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ORGANIC GARDENING

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Introduction


Organic food seems to be one of the best options to face the industrialization of food. In recent years, a growing movement has been warning us about the excessive use of additives such as fat, salt, sugar and high fructose corn syrup in the most consumed foods, for the sole purpose of making them tastier. This is true not only for “junk food” but also the food which is being sold as “healthy.” It’s part of an addictive diet to which we have become accustomed.

Within the paradigm that considers food in relation to the environment, one of the gurus in consumer issues is science journalist and author Michael Pollan. His recent book, Cooked and other bestsellers such as The Omnivore’s Dilemma, advises “do not eat anything your grandmother would not recognize as food.”


According to the FAO (Food and Agriculture Organization of the United Nations), 868 million people (12.5% of the world population) are undernourished in terms of dietary energy consumption and 1.4 billion people are overweight, with 500 million of them being obese. This alarming data requires a new perspective on recovering forgotten traditions and changing habits for better living globally.


The importance of vegetables in the human diet is undeniable. Their benefits are recognized by the scientific, environmental and medical fields, and by international organizations such as the World Health Organization (WHO), which recommend their consumption in order to prevent diseases and keep up defenses. In fact, all the essential nutrients for a healthy life can be obtained through a natural diet.


But at the same time, we are facing a problem: most of the vegetables are interfered with in terms of production and distribution, in order to multiply their yield. The use of agrochemicals and contaminants is being questioned worldwide, and in some countries, they have created new laws that protect consumers. Europe is a pioneer in this regard. Except for Spain and Romania, it has banned the use of certain herbicides and insecticides such as Glyphosate and Endosulfan. In the United States, the number of companies which are changing their producing methods is increasing.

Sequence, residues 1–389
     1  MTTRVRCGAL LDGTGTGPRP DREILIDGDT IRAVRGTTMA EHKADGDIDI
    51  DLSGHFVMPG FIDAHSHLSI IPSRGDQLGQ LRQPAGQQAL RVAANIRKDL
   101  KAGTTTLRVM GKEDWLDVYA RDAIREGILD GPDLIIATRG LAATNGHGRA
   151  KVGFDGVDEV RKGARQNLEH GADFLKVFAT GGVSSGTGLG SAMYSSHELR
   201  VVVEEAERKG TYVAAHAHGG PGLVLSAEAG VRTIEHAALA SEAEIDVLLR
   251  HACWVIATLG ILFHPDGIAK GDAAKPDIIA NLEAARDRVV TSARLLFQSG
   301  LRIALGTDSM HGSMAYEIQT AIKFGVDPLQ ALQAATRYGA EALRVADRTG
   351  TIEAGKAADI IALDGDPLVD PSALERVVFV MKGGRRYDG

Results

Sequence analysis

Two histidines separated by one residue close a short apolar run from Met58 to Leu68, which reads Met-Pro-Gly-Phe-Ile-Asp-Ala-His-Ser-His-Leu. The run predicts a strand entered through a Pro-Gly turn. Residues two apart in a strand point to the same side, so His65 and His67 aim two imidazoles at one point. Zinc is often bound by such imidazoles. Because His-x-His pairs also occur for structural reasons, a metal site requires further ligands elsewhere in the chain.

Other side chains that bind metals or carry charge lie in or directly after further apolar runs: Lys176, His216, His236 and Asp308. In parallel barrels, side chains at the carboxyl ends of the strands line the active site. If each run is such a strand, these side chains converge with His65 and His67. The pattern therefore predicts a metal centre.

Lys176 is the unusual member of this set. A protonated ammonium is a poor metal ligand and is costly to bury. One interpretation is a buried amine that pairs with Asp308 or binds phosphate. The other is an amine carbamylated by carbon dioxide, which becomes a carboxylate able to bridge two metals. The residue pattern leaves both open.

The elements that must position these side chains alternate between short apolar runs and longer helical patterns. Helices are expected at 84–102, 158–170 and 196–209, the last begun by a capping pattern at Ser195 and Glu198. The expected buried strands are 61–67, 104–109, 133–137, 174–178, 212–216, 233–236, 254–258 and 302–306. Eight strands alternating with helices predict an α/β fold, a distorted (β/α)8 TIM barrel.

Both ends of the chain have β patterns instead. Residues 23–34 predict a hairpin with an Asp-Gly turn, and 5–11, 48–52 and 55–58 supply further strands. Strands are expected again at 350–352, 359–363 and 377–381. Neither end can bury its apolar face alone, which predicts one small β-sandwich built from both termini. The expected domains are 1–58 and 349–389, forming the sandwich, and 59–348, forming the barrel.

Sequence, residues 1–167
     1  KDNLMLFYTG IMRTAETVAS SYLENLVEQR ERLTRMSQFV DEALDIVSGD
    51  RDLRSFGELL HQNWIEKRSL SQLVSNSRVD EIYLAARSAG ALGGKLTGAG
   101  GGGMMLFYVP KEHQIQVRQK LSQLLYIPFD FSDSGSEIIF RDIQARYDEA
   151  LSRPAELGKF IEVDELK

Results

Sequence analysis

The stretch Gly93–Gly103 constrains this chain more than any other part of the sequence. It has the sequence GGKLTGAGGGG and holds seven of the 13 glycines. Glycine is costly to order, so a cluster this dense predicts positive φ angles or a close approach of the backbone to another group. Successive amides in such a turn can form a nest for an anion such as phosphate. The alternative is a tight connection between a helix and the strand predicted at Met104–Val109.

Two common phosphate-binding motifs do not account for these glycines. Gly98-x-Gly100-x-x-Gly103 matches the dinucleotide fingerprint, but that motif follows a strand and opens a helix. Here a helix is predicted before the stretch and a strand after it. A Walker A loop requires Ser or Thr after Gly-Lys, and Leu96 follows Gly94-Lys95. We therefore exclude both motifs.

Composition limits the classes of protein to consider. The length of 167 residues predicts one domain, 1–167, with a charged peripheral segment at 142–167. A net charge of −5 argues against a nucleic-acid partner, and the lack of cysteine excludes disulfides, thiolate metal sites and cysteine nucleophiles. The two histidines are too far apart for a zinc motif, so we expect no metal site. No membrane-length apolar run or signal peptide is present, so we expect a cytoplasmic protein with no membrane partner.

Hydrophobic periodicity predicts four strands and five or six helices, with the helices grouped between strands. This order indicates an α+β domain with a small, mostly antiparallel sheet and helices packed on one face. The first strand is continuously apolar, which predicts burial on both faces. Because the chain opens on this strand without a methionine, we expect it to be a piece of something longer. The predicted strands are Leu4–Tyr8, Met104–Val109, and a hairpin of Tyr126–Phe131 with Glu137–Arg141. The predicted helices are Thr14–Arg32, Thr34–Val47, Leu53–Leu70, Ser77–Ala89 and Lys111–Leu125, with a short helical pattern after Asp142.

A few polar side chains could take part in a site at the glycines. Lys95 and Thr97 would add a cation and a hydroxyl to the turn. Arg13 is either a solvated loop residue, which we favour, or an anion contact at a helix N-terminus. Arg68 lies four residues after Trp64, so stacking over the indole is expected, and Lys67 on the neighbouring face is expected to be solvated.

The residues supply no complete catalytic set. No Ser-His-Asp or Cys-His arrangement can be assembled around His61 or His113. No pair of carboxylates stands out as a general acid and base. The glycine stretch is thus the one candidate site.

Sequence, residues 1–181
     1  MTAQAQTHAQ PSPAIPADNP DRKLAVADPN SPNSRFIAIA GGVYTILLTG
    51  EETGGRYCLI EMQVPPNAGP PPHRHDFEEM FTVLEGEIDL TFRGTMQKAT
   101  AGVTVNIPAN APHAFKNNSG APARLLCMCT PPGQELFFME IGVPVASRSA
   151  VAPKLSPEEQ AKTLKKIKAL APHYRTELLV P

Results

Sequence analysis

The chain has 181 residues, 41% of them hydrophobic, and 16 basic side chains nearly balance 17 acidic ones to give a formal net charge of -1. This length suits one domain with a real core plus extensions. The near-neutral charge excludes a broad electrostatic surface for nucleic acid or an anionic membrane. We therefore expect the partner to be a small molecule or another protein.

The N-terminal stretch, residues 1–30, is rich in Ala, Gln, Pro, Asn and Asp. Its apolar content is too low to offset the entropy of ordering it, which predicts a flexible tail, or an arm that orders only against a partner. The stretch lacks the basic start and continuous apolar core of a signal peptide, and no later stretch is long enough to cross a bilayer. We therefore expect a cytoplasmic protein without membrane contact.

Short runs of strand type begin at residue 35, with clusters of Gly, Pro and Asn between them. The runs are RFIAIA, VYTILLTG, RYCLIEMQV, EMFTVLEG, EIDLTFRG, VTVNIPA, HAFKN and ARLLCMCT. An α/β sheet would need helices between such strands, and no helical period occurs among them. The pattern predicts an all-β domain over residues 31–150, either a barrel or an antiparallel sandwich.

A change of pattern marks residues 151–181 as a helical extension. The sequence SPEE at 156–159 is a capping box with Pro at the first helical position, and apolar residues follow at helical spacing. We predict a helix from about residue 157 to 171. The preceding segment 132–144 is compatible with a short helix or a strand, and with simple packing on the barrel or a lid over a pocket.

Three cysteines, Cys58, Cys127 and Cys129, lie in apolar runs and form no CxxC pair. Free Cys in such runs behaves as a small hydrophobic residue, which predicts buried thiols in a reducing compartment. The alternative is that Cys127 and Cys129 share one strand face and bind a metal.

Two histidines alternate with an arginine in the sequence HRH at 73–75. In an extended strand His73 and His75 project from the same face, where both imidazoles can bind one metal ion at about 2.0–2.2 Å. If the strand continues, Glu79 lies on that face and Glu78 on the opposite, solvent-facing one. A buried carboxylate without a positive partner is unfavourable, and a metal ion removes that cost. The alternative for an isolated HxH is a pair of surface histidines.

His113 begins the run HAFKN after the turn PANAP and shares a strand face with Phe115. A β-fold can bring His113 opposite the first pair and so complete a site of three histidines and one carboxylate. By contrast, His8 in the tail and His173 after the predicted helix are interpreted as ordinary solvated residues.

The process of returning to organic consumption requires new legislation and a change in consciousness. For consumers, eating organic food means, besides avoiding added preservatives and pesticides, a way to connect with the earth, be in contact with food and nature, and widen their knowledge of seasonal variations and the influence of temperature and wind on plants.


In order to take advantage of the attributes of organic vegetables, it is advisable to consume them fresh and raw, without even removing their skin. The difference is outstanding. Their flavor and aroma are more intense than those which are industrially produced. As they are home-grown, care and quality are superior. And organic vegetables have a higher mineral content, in terms of calcium, magnesium, potassium, sodium and phosphate.


Following this premise, fresh vegetables have become an attractive and sustainable proposal at home, even for those with limited space. From a pot with herbs in a balcony or terrace to a shared garden or orchard, the alternatives are varied. These undertakings can also be carried out in schools, dining rooms, groups of families or neighbors, or organizations which may have access to small plots of land or which may ask their governments or municipalities for the assignment of land. An ecological example is the city of Freiburg in Germany, near the border of France and Switzerland. In this “green city,” resources required to integrate the city with the countryside have been implemented. Organic gardens located a few minutes away from the city enable people to harvest their own fruits and vegetables, and to get access to them when they need to.


Even in the most populated urban centers it is possible to create production spaces to fulfill a healthier, more complete and economic diet. In order to start planning it, you should take into account some technical guidelines which will enable you to maintain a productive organic garden throughout the year.




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Organizing the Space


The gardens should try to emulate the processes of nature. When there is little space available, you should look for a site that provides sunlight and shade or some shelter to protect the crops from bad weather.

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